I also value conversations with my colleagues Tula Brannelly, Lizzie Ward and Nicki Ward. And working with a team of older co-researchers exploring well-being in old age has helped me understand what an ethic of care means in practice in the lives of older people and in the way in we can generate knowledge with them.

7. What works in the ethics of care do you see as the most important?

Joan Tronto’s ‘Moral Boundaries’ and Selma Sevenhuijsen’s ‘Citizenship and the Ethics of Care’ are the two most obvious ones for me and ones that most of those working in this area will identify as important.

I have also identified some others that I have found useful in different ways. The Sayer book is not solely or explicitly about care ethics, but I think is very helpful in locating this body of work within broader developments in social science.

And I look forward to Joan’s new book!

8. Which of your own books/articles should we read?

My recent book ‘Care in Everyday Life: an ethic of care in practice (Policy Press, 2012) applies an ethic of care framework across a wide range of contexts in order to interrogate the relevance of Tronto and Fisher’s broad definition of care and to explore the usefulness of care ethics in diverse settings. These include not only different types of interpersonal relationships, but also deliberative policy making and people’s interaction with space and place.

My first extended work applies this analysis to the lives and experiences of family carers (Caring and Social Justice, Palgrave, 2006). Whilst an example of an application of the Trace methodology to social policy analysis can be found in ‘Abandoning care? A critical perspective on personalisation from an ethic of care’ Ethics and Social Welfare, 2011, vol. 5, no. 2, pp.153-167.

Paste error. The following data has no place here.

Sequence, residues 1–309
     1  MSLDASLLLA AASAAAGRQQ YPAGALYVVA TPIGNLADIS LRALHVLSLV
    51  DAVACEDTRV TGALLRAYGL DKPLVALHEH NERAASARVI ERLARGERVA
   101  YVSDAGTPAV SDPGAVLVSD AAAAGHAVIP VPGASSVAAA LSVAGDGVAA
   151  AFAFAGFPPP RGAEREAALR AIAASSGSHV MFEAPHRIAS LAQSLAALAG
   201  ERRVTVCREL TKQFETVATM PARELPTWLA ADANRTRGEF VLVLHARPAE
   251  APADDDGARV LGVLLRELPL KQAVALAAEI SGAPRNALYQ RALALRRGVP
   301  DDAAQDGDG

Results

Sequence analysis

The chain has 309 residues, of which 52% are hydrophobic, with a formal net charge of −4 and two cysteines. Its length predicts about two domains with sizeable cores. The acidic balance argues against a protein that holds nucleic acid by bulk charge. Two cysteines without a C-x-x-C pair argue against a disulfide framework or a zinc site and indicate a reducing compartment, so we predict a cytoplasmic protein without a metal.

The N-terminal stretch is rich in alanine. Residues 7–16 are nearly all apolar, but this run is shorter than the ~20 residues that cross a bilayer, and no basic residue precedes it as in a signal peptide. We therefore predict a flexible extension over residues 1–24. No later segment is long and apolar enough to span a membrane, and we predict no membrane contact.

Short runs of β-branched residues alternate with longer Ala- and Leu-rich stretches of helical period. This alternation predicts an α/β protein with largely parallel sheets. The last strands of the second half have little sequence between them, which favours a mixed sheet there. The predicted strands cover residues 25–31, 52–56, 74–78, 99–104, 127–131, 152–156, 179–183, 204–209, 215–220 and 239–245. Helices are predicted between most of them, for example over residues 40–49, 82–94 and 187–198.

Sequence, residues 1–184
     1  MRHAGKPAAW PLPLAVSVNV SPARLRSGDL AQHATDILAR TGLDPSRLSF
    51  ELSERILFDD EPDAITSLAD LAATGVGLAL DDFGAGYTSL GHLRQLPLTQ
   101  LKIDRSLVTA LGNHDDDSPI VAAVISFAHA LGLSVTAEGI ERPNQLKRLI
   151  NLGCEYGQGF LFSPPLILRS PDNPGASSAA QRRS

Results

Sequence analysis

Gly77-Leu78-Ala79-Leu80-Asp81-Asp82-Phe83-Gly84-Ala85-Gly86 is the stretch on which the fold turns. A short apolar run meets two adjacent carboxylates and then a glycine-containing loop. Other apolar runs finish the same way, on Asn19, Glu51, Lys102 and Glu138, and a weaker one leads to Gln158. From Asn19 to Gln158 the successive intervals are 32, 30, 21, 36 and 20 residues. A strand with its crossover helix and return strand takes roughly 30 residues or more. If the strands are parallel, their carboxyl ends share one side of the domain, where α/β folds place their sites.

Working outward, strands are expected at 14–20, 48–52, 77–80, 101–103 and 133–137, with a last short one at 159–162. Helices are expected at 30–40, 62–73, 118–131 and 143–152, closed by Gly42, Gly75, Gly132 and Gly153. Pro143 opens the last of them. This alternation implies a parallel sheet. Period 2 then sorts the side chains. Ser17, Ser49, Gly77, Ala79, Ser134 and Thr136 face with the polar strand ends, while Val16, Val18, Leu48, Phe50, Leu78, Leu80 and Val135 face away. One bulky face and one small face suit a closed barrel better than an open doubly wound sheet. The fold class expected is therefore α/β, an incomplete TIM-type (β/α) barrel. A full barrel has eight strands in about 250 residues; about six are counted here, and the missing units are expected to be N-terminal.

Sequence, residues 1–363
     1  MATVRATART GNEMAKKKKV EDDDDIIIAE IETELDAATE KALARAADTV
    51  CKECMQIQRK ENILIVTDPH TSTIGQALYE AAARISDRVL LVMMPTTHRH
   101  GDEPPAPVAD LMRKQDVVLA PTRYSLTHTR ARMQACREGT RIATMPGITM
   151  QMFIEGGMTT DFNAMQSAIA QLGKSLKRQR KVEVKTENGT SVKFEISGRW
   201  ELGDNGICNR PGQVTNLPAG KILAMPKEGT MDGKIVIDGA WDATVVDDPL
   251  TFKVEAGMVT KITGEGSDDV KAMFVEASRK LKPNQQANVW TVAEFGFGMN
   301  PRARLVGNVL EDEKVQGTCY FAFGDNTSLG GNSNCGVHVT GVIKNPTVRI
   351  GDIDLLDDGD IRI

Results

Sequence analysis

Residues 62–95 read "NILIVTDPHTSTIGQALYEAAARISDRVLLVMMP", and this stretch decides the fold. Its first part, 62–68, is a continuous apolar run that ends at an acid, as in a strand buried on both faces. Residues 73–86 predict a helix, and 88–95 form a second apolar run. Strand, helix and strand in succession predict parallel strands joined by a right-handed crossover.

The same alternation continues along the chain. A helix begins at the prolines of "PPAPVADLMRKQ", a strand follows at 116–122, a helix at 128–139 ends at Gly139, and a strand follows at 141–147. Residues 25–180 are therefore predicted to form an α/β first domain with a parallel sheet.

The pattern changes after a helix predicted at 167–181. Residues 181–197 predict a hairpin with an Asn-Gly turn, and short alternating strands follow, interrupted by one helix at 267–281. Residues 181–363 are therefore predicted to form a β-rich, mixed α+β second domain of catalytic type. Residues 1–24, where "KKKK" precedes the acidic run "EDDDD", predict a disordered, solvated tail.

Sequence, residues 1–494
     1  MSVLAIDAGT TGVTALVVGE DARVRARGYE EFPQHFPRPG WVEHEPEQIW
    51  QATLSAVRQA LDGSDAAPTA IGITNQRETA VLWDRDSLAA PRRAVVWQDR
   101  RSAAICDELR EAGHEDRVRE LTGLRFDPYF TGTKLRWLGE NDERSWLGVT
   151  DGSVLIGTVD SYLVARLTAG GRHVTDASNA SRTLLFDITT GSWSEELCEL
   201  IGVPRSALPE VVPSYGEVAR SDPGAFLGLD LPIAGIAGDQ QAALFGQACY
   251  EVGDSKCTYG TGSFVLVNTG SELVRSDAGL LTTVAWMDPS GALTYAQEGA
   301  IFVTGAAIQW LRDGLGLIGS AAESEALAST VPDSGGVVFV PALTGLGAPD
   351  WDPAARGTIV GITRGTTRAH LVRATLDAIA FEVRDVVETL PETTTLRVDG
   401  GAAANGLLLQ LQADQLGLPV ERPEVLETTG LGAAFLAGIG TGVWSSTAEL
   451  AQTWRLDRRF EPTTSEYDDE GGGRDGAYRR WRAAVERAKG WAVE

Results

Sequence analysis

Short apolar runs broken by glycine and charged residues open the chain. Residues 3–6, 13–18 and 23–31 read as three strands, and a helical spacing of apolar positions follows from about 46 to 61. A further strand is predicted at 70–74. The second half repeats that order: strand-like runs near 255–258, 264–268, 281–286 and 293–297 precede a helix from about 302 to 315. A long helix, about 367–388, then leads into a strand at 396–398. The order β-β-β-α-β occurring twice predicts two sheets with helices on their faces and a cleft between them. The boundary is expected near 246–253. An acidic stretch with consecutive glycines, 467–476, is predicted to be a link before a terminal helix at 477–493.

9. What are important issues for the ethics of care in the future?

It is important to take seriously the reasons why ‘care’ has been rejected by some who have been identified as care recipients. Thus we need to develop both empirical and analytical work that engages with what it means to receive care and that develops an ethic of care that recognizes this perspective. There are examples of work that does this – for example Tove Petterson’s work on ‘mature care’ and I try to develop thinking about this in my recent book. But I think there is more to be done.

The other key area of development is in understanding care ethics in diverse cultural and socio-political contexts. There is work that considers how an ethic of care is similar to or different from ethical ideas within, for example, Confucianism and the African concept of Ubuntu. We should not think we can ‘read’ these different philosophical systems through the lens of an ethic of care, but we should explore how and why values based in a relational ontology develop in different contexts, and what they mean to people who are differently positioned within sociocultural systems.

10. In Tilburg our ambition is to promote ethics of care nationally and internationally. Do you have any recommendations or wishes?

Be open to different ways of working with these ideas and maintain a critical edge!